‘Our children learn better at home’

The tiled lounge in the Midrand apartment has three brown suede couches with metal legs arranged against the white walls. A small, low table draped in a red cloth and surrounded by children’s plastic chairs is in the centre of the room.

The walls are bare, except for a ceremonial African mask and an intricate wooden ankh engraved with Egyptian motifs facing off against each other from opposite walls. A bookshelf in the corner of the room contains children’s storybooks, books on computer science and volumes of the Metu Neter, a series on Kamitic spirituality. There is no television.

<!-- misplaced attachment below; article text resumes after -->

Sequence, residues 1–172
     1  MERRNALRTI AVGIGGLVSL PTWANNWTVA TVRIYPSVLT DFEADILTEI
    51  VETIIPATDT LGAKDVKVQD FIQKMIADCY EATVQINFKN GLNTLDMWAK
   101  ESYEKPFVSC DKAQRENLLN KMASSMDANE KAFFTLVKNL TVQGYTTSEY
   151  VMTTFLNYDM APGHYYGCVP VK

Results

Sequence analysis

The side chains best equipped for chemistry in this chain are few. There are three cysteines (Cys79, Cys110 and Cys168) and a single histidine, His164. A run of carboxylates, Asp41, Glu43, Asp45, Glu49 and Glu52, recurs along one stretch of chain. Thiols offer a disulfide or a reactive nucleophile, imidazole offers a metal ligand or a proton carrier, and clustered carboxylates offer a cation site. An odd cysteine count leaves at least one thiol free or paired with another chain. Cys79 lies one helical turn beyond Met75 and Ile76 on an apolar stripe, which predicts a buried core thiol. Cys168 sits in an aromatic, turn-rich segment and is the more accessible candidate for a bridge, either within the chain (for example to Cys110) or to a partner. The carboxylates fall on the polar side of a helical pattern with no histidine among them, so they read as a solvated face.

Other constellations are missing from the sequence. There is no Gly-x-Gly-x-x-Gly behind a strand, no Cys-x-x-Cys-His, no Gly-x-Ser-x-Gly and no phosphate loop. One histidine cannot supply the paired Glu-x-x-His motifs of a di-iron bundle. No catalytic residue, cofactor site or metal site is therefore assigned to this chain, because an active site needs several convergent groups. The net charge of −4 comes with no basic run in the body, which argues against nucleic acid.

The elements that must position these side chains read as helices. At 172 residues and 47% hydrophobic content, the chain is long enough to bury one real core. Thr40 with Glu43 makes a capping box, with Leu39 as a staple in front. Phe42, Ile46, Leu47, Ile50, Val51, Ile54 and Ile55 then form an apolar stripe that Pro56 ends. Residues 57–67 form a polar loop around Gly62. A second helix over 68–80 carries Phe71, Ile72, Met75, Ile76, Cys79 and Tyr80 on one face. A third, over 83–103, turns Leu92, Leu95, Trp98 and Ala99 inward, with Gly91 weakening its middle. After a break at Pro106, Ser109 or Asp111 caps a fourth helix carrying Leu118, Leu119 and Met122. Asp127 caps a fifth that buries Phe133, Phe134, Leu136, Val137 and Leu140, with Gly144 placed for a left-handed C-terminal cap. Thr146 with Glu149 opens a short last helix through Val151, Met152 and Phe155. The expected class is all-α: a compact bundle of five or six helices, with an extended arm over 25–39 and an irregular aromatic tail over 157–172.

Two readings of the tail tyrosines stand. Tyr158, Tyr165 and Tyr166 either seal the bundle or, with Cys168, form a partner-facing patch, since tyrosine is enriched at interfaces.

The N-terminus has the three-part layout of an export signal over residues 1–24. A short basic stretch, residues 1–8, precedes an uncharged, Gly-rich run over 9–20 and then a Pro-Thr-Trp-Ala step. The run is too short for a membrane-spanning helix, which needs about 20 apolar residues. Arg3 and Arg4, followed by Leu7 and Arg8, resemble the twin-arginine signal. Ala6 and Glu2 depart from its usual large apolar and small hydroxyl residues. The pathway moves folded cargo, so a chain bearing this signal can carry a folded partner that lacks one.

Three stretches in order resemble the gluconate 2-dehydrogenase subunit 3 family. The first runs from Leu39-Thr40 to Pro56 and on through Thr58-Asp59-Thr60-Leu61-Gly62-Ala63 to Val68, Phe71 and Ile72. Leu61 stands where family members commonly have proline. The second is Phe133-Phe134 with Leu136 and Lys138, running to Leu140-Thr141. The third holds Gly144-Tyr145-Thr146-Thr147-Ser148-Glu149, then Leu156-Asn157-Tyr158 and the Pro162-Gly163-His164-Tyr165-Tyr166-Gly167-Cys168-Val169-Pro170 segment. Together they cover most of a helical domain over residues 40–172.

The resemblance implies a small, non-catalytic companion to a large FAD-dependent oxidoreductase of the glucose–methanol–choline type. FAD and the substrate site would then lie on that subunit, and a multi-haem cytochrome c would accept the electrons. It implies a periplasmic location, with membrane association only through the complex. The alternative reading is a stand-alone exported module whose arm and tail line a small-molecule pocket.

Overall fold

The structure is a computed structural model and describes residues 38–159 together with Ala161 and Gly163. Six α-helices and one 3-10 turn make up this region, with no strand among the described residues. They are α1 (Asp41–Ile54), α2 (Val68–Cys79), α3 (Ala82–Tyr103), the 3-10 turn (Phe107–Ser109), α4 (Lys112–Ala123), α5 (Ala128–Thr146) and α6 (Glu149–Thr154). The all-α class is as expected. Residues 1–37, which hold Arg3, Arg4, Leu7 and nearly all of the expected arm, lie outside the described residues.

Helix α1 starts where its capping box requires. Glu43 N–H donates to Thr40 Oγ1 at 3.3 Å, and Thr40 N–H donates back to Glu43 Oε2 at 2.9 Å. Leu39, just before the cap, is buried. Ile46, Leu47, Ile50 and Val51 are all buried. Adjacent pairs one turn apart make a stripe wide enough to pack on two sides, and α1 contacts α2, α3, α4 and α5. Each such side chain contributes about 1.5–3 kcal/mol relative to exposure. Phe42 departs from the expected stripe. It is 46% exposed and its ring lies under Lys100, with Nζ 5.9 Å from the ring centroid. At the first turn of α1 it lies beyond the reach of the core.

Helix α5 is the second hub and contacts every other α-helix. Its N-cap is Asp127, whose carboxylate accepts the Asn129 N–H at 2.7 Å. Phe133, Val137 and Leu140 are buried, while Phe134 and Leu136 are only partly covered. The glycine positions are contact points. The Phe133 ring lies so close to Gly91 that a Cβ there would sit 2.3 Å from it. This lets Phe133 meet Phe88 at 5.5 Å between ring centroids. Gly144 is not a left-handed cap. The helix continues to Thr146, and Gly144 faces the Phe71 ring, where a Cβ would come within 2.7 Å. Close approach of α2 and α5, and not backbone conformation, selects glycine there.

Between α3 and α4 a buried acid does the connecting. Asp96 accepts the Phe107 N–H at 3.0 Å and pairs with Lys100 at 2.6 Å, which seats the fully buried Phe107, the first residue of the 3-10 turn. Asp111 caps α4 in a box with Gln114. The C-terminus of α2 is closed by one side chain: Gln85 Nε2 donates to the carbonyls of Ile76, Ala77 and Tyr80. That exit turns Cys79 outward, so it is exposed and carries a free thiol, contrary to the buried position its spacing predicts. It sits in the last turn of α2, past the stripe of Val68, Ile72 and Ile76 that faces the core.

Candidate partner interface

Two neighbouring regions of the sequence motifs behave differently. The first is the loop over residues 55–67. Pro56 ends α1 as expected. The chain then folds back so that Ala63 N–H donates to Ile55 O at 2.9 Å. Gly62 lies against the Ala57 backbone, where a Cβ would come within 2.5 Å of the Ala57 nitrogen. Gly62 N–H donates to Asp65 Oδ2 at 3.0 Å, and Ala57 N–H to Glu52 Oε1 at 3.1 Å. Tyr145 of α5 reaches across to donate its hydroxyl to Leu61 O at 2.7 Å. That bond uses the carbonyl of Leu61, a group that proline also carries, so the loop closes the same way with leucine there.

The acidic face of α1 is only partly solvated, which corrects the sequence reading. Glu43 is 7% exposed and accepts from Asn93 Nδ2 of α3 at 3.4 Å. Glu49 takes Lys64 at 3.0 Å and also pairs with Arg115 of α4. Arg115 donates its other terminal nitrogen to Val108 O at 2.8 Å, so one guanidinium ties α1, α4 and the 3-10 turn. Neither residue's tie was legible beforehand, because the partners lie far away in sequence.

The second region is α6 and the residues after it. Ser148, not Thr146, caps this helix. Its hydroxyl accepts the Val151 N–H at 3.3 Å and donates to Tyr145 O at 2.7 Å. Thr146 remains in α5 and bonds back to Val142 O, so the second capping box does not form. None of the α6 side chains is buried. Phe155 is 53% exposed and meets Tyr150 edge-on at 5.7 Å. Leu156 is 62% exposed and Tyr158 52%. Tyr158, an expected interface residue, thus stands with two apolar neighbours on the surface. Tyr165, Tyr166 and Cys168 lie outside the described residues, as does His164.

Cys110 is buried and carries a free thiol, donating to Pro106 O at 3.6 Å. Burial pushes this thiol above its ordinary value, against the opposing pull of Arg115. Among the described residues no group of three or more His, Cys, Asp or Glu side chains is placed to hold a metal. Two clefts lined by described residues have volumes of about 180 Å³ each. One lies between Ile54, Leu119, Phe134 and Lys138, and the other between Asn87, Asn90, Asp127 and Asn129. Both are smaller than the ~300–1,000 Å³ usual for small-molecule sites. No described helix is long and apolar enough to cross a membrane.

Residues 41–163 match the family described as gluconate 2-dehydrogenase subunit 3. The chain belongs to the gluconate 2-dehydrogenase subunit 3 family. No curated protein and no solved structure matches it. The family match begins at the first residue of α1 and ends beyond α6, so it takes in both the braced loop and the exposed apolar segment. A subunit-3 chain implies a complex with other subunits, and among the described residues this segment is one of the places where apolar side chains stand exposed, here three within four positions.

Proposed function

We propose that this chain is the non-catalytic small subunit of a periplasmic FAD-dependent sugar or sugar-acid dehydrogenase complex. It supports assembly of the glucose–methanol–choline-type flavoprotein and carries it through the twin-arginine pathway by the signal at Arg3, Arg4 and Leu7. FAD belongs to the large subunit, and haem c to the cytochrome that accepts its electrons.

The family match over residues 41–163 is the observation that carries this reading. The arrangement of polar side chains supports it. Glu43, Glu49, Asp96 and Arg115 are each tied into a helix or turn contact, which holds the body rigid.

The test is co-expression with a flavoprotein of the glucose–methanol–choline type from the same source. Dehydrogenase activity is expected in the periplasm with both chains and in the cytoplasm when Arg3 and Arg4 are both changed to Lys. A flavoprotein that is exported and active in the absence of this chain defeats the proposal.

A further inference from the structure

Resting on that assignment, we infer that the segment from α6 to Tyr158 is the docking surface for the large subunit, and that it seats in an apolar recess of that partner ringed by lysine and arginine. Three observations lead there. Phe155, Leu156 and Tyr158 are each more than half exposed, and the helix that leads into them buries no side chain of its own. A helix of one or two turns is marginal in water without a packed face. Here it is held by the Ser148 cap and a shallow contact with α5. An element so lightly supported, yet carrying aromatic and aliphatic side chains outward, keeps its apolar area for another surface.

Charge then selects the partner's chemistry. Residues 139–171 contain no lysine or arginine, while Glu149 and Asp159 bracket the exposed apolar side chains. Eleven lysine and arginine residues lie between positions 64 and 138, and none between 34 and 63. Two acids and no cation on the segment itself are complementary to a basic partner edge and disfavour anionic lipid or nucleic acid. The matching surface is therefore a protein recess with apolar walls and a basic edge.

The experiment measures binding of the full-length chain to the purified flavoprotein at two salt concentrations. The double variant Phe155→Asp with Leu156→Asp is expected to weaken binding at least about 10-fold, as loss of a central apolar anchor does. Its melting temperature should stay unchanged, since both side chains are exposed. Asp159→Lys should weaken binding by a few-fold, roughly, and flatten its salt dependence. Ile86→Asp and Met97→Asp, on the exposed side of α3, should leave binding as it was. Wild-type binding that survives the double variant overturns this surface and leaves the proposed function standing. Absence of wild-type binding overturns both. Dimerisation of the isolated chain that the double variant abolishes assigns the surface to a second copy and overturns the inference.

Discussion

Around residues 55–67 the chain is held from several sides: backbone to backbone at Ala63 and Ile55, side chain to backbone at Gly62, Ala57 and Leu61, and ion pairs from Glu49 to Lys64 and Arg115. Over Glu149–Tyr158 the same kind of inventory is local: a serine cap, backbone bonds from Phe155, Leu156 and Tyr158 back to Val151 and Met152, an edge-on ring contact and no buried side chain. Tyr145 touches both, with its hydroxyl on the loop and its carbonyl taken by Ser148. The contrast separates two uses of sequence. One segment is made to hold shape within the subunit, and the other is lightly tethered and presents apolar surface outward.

This is the classroom of nine-year-old Aza Madiba and her seven-year-old sister Chika Madiba.

The girls are part of a network of black families that have chosen to home-school their children primarily out of a concern about the state of the country’s education system.

Read it at the M&G.

Image – M&G

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